A project entitled Martine Jeans was created in collaboration with the New York Community Trust, the New York City Department of Cultural Affairs, and the New York State Council on the Arts.

Gutierrez is also a published musician and producer. Her first unreleased single, “Hands Up,” was selected by Saint Laurent Paris for their Cruise Collection 2012 video editorial. Her music has been featured by other fashion houses as well, including Christian Dior and Acne Studios.

Martine Gutierrez, Plastics, Dahlia, 2020. (c) Martine Gutierrez; Courtesy of the artist and RYAN LEE Gallery, New York.

Her photos, performances, and videos all serve to deconstruct “glittery conventions of fashion, beauty, advertising, and glamour.” She also explores how “sexuality and style are constructed and propagated in popular mediafrom clothing lines and cosmetics to perfume, haute couture, and music videos.”

Gutierrez also wants to compel a reinvention of gender, race, and identity “by translating her Mayan heritage and Guatemalan-American ethnicity into an evocative platform to (re)discover, embellish, and amplify bodies ‘outside of the binary.’” She finds inspiration in ancient Aztec deities that embody historical models of duality and gender fluidity. 

Her most ambitious project to date is the 128-page glossy magazine called Indigenous Woman, in which a kaleidoscopic inventory of fashion-model personas blooms not like flowers, but like weeds that are too pretty to poison. For that project, she assumed the roles of model, stylist, photographer, art director, advertiser, writer, and editor-in-chief. In a manner reminiscent of Andy Warhol’s Interview magazine, Gutierrez’ Indigenous Woman combines a fictional high-fashion marketing campaign with transgressive satire and swelling post-colonial confrontation.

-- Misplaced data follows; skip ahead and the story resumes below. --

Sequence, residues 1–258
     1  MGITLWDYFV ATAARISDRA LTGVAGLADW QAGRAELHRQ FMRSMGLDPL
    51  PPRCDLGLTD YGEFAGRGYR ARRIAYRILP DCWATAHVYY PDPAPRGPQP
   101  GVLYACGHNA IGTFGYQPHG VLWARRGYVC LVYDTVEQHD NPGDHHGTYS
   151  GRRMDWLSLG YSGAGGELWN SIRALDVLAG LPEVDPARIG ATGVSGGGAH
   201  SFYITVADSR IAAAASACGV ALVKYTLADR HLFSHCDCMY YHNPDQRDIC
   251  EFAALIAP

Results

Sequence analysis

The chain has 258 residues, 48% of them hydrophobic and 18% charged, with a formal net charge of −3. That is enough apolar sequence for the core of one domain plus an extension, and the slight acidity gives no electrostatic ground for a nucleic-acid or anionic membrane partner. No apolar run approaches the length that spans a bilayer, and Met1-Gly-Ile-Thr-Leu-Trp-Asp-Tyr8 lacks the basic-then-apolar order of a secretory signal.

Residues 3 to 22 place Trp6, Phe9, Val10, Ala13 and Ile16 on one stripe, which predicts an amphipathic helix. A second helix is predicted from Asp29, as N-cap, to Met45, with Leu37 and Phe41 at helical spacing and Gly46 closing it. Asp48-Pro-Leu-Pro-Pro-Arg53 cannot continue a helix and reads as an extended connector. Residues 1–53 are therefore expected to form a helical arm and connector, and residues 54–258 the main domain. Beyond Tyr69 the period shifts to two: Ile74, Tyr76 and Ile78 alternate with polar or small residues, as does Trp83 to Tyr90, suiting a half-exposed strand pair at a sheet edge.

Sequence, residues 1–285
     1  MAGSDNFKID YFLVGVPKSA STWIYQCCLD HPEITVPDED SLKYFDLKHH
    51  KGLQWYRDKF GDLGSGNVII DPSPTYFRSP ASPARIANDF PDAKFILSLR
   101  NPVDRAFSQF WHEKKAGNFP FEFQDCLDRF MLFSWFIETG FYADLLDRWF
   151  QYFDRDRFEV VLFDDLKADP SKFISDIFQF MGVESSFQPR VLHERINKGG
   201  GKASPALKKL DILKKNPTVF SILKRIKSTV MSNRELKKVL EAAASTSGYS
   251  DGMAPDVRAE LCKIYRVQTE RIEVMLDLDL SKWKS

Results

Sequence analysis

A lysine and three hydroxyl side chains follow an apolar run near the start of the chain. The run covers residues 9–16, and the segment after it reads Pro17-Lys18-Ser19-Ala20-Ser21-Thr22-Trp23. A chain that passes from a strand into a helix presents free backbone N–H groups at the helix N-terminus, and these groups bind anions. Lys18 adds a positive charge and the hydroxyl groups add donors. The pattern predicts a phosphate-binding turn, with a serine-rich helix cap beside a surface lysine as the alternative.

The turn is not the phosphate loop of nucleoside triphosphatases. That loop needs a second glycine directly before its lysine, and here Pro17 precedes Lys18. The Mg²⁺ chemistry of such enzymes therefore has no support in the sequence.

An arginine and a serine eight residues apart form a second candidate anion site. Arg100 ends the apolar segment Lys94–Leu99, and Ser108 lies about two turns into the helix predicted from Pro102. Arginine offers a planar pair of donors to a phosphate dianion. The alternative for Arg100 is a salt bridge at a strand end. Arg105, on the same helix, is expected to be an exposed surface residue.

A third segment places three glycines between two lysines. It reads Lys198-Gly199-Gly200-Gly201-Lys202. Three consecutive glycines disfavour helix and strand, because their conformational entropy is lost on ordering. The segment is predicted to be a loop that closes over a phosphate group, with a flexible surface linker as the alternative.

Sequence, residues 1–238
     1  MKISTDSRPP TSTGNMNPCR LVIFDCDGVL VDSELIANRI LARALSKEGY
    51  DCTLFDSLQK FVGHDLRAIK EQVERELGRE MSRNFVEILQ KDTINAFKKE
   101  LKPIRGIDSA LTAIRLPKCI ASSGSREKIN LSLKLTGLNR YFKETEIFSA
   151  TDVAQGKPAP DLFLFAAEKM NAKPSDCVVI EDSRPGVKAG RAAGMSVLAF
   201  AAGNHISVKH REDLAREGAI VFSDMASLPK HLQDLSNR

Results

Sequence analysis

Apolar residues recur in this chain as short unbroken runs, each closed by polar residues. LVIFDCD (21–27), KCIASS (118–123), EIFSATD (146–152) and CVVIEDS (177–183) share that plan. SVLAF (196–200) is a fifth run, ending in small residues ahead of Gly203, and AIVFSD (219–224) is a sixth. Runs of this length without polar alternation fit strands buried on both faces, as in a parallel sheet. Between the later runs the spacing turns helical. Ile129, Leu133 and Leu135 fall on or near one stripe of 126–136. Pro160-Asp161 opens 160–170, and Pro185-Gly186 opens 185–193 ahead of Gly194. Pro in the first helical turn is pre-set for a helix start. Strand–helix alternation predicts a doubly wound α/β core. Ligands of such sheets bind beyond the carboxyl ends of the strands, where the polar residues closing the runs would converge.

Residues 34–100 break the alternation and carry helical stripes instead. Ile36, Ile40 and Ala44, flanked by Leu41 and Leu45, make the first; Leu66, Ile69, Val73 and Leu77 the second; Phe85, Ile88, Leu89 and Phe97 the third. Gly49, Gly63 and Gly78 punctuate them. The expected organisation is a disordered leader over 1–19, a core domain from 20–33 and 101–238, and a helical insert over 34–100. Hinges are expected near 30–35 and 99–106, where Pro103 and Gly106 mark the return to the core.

Martine Gutierrez, Neo-Indeo, Tzutujil Perezoso, p33 from Indigenous Woman, 2018. (c) Martine Gutierrez; Courtesy of the artist and RYAN LEE Gallery, New York.

Her Radiant Cut exhibit at the Blaffer Art Museum looks unflinchingly at self-identity and the social constructs that bind us. The show is equal parts stark, revelatory, and revolutionary. It’s a powerful thing to have your preconceived notions shattered by an artist’s truth-telling. Guttierrez tells the truth.

In a world that seems to be on fire and gathering speed at every turn, art may be the one thing that can save us. “Artists have been cultural influencers since the beginning,” she emphasizes. “Technique and aesthetic are opinions of the venue—a venue where nothing is truly forbidden—a cradle of spectacle, scandal, and introspection. Fashion magazines, the music industry, and Hollywood all take from art, because ‘the mainstream’ is pre-chewed. It’s the constant update of what was previously taboo.”

Gutierrez concludes with a specific piece of advice that couldn’t be any simpler—and more revolutionary. “Try everything once. Everything.”

What: Martine Gutierrez: Radiant Cut
When: Through October 24
Where: Blaffer Art Museum at the University of Houston, 4173 Elgin Street

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Jenny Block

Jenny Block is a frequent contributor to a number of high-profile publications from New York Times to Huffington Post to Playboy and is the author of four books, including “Be That Unicorn: Find your Magic. Live your Truth. Share your Shine." She has appeared on a variety of television and radio programs from Nightline to BBC Radio to Great Day Houston and has performed and spoken at bookstores, events, conferences, and resorts in the US and Mexico, as well as on Holland America Cruise ships.